The National Retail Federation welcomed a study showing that it costs retailers $6.8 billion annually to collect state and local sales taxes across the nation. The group says the study could help merchants in their long-sought goal of receiving appropriate compensation for the collection costs.
The study, conducted by the accounting firm PricewaterhouseCoopers LLP, found that retailers’ cost of collecting sales tax – from training personnel to filing paperwork – amounts to an average of 3.09 percent of the amount of tax collected, or $6.8 billion annually nationwide.
The cost hits hardest on small retailers, with those with annual sales of less than $1 million averaging 13.47 percent; those between $1 million and $10 million averaging 5.2 percent; and those of more than $10 million averaging 2.17 percent, according to the study.
For small and medium-size retailers, the largest components of the cost are preparation of tax returns and documentation of tax-exempt sales. For small retailers, staff training is the No. 3 component. For medium retailers, the credit and debit card fees attributable to sales tax are the third-highest component. For large retailers, credit/debit card fees are the largest component, followed by unrecovered sales tax paid because of bad debt and staff training.
The study was commissioned by the Joint Cost of Collection Study group, which is made up of NRF, some NRF member companies and other retailers, the Council on State Taxation, the Multistate Tax Commission, the Federation of Tax Administrators, the National Conference of State Legislatures and the Government Finance Officers Association.
JCCS operates under the auspices of the Streamlined Sales Tax Project, the organization that crafted the 2003 Streamlined Sales and Use Tax Agreement that is the basis of a voluntary system that makes it easier for states to require Internet sellers, mail-order merchants and other out-of-state retailers to collect sales tax on merchandise sold to their residents. Legislation is pending in Congress to make collection mandatory.
Only 18 states provide retailers with any compensation for the costs of collecting sales tax, and most cap compensation at figures set years ago, typically $100 or $200 per company per month regardless of size, sales volume or number of stores.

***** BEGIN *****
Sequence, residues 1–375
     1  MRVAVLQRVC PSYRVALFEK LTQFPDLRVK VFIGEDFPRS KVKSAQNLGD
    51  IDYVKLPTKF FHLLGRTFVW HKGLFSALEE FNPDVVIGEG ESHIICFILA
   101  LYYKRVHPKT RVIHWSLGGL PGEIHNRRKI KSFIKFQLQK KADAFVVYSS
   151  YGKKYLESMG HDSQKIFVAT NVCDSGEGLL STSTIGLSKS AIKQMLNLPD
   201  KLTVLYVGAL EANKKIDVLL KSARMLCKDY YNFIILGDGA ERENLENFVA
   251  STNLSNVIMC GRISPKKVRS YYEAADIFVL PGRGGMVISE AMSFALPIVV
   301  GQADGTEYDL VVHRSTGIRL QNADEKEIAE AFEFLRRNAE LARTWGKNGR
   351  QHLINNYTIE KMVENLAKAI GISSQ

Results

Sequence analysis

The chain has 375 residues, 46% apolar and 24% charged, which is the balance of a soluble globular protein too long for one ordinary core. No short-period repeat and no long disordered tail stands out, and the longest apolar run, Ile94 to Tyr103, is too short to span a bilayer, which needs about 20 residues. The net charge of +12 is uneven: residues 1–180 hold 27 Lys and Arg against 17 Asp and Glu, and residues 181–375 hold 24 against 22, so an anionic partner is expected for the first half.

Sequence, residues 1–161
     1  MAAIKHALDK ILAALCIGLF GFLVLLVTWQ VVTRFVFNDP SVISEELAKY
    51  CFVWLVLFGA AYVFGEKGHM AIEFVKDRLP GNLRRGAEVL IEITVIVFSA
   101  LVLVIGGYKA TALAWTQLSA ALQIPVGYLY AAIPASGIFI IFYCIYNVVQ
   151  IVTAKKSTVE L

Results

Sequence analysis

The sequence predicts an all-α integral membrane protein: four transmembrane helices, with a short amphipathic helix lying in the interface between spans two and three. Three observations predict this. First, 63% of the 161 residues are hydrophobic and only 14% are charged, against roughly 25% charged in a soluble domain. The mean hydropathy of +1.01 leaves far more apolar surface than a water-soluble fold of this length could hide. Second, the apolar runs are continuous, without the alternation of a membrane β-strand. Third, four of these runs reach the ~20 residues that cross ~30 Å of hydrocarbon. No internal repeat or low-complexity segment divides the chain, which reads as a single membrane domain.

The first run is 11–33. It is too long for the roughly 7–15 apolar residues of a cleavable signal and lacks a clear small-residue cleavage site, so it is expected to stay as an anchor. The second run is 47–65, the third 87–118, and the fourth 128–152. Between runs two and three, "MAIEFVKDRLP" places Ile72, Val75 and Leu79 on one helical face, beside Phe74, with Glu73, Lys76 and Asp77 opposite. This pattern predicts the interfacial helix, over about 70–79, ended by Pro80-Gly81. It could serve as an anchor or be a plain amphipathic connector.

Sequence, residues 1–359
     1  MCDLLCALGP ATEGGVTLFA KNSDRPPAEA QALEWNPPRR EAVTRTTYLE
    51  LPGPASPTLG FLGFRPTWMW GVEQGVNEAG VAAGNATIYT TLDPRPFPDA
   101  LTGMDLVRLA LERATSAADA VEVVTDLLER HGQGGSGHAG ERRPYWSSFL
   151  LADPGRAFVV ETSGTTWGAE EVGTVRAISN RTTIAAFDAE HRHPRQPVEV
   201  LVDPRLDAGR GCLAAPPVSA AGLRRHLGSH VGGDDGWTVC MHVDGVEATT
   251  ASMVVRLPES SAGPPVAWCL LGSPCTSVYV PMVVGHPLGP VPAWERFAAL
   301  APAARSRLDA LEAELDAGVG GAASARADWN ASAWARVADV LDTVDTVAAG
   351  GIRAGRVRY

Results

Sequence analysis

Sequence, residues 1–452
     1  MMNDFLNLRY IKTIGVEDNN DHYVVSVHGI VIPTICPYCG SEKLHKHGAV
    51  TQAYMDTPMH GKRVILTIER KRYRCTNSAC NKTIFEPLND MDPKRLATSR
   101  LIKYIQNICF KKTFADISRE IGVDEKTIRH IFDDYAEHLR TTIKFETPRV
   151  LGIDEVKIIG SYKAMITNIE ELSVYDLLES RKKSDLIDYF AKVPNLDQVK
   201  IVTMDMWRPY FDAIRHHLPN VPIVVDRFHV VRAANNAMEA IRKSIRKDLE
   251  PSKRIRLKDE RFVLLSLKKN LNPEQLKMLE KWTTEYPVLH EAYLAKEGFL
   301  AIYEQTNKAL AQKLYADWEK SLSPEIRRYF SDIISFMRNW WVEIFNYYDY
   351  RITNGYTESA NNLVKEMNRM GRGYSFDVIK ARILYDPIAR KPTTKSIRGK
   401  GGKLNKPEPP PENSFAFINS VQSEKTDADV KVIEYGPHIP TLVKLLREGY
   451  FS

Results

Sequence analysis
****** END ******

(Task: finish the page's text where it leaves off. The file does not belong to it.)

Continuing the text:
IFA helping veterans thrive in workplace
The International Franchise Association is helping veterans make money while making a difference.
The Veterans Transition Franchise Initiative, known as VetFran, is a program available for veterans who want to acquire franchised small businesses.
VetFran receives no government funding. It is a simple but effective concept, IFA President Matthew Shay said. To participate, companies must offer veterans a “best deal” financial incentive to buy one of their franchises.
Nearly 500 veterans in 45 states have taken advantage of the program. A list of participating companies is available on the association’s Web site, www.franchise.org, under “Franchising for Veterans.”
VetFran has been recognized by the U.S. Dept. of Veterans Affairs as a Support Sector Champion for expanding business opportunities for veterans.
According to the U.S. Small Business Administration, 22 percent of the nation’s veterans are either starting or buying a new business, or considering the possibilities.
Support your local hospitals by giving blood
The Promenade Shops at Briargate will host a Bonfils Blood Center mobile blood drive from noon to 4 p.m. April 20.
The blood mobile will be parked just north of Sharper Image. The first 25 donors will receive chocolate syringes courtesy of Rocky Mountain Chocolate Factory. All donors will receive a 20 percent discount J. Jill coupon and be entered to receive a $25 Promenade Shops at Briargate gift card.
Bonfils Blood Center supplies blood to more than 115 health care facilities and needs to collect 4,350 donations weekly to meet the demand of the community and to be prepared for unforeseen events.
To make an appointment or for more information, contact Bonfils Blood Center at (800) 750-4483, option 1.
U.S. chain store sales up, down before Mother’s Day
In April, U.S. chain store sales grew 6.6 percent on a year-over-year basis, according to International Council of Shopping Center’s index.
Drug stores, which sell a lot of Easter-related products, led the pack, with an average gain of 8.1 percent. Discounters increased their sales 7.4 percent, with Target’s sales rising 10.4 percent. Apparel stores boosted their sales 5.9 percent, with American Eagle Outfitters posting the highest gain at 19 percent. Department store sales grew 5.3 percent during the month.
U.S. chain store sales declined 0.4 percent the first week of May, according to ICSC’s index. The year-over-year growth rate was 3.1 percent for the period.
“With consumers typically waiting until the last minute to shop for Mother’s Day, the pace of consumer spending slipped a tad from the prior week,” said Michael P. Niemira, ICSC’s chief economist and director of research.
“For May, we expect monthly chain store sales will increase by 3 percent to 3.5 percent, on a year-over-year basis,” Niemira said.
Joan Johnson covers retail for the Colorado Springs Business Journal.